Throughout the month of August we’ve been talking about building communities. So today we’re going to talk about something that’s very important to have once people start engaging in your communities: social media guidelines.

There are several groups for whom you should create guidelines, not only because your business interests need protecting, but also because sometimes people need to be saved from themselves. For whatever reason, social media sometimes seems to make people forget themselves in ways that they never would in face-to-face interactions. And whether or not those mishaps have legal repercussions for you, it’s important to limit them in order to protect the brand you’re trying to build. No matter how much followers may love a brand, if their social media communities become unpleasant or filled with negativity, those followers will start to head for the exits. READ MORE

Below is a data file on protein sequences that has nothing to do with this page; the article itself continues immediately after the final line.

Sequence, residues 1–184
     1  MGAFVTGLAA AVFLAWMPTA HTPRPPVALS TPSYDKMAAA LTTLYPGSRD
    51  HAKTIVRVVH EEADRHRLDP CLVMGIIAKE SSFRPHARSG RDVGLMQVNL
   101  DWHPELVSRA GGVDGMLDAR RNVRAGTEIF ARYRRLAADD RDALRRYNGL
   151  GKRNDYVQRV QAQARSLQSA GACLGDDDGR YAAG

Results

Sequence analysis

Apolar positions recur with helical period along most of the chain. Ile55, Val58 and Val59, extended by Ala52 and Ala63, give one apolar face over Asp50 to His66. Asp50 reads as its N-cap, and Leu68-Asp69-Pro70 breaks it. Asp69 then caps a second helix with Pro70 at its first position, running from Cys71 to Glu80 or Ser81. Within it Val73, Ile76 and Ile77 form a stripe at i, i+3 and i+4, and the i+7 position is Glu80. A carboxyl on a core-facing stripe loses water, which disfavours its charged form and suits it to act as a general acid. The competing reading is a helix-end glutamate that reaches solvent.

Many businesses have discovered the benefits of marketing tactics that build community, like sponsorships, in-kind donations, and rewards programs. But some organizations make offline community events such an integral part of their strategy that their outreach takes on a brand of its own.

What is the advantage of this? For one thing, having your business or organization visible in as many arenas as possible is always a good thing — online, social, offline, etc. Also, offline tactics tend to appeal to more than just your core target audience, allowing you to access people you might not otherwise have found. READ MORE


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